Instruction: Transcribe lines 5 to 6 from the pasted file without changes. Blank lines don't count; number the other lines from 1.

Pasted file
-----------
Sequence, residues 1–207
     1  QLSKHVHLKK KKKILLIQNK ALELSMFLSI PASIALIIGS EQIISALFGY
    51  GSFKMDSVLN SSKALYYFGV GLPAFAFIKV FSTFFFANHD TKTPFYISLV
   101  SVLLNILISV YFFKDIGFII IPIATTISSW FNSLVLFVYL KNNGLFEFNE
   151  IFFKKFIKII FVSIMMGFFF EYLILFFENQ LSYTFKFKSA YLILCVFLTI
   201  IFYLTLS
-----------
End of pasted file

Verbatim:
   151  IFFKKFIKII FVSIMMGFFF EYLILFFENQ LSYTFKFKSA YLILCVFLTI
   201  IFYLTLS